In this guide we will also be using a tool
known as a Doer/Non-Doer Analysis, which has shown that comparing
the responses of people who do a behavior (the Doers) with
those who do not (the Non-Doers) can be very useful in identifying
the most important barriers. Doer/Non-Doer Analysis is part
of a very useful framework – the BEHAVE Framework –
that can be used for planning your behavior change activities.
(See below for more information on this framework.) This comparison
of people who do and do not do a behavior has been very helpful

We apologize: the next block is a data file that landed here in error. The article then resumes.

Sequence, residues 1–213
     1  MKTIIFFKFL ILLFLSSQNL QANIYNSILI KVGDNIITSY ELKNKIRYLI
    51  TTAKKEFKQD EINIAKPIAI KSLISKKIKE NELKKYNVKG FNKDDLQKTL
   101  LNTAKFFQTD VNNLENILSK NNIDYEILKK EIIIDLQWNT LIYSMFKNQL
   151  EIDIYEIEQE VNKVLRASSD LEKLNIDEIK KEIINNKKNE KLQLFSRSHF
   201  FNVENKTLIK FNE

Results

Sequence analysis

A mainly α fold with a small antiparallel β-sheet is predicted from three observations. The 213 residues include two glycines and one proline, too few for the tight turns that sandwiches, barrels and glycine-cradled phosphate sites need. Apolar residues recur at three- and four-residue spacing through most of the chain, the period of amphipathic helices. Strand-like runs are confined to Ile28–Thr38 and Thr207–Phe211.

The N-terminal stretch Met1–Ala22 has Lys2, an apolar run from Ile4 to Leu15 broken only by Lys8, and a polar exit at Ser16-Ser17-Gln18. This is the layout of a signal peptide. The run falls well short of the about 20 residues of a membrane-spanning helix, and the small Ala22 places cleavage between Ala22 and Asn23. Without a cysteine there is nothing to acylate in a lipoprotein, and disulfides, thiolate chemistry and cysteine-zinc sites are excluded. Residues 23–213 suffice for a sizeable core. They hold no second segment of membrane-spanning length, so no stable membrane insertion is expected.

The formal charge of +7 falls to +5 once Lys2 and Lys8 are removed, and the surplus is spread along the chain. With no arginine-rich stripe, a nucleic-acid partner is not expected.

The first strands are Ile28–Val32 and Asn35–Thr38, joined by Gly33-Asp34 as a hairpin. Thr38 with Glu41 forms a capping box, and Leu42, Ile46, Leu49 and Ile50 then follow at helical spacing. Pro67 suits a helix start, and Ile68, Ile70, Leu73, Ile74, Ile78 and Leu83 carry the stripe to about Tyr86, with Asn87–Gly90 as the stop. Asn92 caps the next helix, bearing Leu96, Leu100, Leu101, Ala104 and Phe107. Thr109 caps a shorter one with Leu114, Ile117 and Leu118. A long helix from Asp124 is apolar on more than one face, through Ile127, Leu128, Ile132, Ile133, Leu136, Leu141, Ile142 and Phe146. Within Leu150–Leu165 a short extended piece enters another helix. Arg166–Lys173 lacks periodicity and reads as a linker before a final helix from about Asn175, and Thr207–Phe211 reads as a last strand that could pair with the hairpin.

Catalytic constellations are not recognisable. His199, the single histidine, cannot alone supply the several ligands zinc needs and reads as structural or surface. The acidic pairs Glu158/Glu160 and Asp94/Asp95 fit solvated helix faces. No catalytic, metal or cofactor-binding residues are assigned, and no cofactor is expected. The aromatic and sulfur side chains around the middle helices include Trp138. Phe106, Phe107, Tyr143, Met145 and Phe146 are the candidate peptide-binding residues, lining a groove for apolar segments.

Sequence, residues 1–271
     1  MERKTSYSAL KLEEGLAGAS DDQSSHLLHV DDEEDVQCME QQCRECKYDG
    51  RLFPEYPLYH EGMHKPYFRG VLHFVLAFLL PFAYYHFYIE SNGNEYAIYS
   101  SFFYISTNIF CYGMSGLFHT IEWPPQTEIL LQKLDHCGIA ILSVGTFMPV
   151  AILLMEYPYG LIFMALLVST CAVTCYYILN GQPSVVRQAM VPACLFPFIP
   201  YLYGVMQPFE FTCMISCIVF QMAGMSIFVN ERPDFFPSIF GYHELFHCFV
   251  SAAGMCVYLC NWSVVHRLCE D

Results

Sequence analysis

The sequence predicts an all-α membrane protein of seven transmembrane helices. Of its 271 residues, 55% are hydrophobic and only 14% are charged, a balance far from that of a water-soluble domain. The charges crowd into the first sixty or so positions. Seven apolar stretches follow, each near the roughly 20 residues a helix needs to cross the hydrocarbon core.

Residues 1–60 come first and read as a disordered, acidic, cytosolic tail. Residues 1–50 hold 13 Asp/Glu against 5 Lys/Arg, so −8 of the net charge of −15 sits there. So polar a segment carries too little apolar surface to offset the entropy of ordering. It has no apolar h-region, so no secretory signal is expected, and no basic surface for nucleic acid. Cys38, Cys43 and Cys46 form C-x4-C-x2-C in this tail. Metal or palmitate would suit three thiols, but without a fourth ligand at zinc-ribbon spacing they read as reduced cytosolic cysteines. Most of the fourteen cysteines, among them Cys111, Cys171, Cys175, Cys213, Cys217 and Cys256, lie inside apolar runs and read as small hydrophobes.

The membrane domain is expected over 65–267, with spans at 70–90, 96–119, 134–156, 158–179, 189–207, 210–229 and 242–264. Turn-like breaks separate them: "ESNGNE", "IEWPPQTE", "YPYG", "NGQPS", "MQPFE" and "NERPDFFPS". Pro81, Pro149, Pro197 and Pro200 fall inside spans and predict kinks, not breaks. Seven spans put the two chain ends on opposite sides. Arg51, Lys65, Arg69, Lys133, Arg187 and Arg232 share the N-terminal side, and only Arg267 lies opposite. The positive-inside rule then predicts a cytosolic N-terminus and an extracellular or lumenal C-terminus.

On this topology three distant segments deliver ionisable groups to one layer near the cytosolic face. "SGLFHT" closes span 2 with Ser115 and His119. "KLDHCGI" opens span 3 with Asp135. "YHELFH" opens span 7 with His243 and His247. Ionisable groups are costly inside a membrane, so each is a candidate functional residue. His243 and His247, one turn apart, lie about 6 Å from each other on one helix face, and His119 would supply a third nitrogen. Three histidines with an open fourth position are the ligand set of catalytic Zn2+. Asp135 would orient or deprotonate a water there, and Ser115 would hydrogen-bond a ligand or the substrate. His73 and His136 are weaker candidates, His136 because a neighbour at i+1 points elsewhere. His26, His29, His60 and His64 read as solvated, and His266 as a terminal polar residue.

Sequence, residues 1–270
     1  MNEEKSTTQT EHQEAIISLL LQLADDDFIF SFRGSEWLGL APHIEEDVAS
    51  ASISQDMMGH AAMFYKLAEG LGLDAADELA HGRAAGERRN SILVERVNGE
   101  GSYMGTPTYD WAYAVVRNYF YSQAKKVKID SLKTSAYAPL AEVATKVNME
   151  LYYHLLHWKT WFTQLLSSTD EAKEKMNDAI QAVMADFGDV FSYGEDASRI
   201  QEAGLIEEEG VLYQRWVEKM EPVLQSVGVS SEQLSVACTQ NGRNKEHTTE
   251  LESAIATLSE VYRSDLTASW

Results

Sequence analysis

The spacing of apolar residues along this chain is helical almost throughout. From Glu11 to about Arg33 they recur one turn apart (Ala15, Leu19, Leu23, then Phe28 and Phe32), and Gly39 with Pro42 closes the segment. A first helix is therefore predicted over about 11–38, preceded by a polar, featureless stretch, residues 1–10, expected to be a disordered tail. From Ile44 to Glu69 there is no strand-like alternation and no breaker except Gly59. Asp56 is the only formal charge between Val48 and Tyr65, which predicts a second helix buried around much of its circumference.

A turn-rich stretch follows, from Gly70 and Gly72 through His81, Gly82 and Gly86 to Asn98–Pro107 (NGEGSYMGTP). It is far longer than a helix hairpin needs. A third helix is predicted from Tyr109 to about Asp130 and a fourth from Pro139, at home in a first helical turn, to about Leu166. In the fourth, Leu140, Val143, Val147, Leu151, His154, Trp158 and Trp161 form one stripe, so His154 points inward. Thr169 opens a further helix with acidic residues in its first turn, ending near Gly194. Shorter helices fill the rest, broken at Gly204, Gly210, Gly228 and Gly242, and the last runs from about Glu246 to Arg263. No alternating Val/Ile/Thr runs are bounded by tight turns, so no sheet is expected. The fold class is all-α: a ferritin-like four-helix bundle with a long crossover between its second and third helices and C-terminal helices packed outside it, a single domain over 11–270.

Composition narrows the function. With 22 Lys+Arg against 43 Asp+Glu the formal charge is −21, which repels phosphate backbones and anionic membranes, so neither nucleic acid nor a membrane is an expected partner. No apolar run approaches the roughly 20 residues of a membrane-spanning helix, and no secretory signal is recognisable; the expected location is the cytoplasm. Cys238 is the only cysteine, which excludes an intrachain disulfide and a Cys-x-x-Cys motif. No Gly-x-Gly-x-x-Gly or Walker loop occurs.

in sorting through which determinants are the most important
ones on which to focus during health promotion and program
design. We have borrowed from this Doer/Non-Doer Analysis
tool in development of Barrier Analysis by adding in a comparison
of Doers and Non-Doers when examining the eight determinants.
Barrier Analysis can be done using two separate formats.
In the first format, we ask questions of people in focus groups.
Focus groups of Doer and Non-Doers are compared. In the second
format, we ask the questions of individuals in a survey and
then compare their responses based on whether they are Doers
Barrier Analysis can be done quite rapidly. If you have two
people available to carry out Barrier Analysis, the analysis
process can take 1-2 days for each behavior that you study.
A larger group can generally analyze more behaviors in the
same amount of time.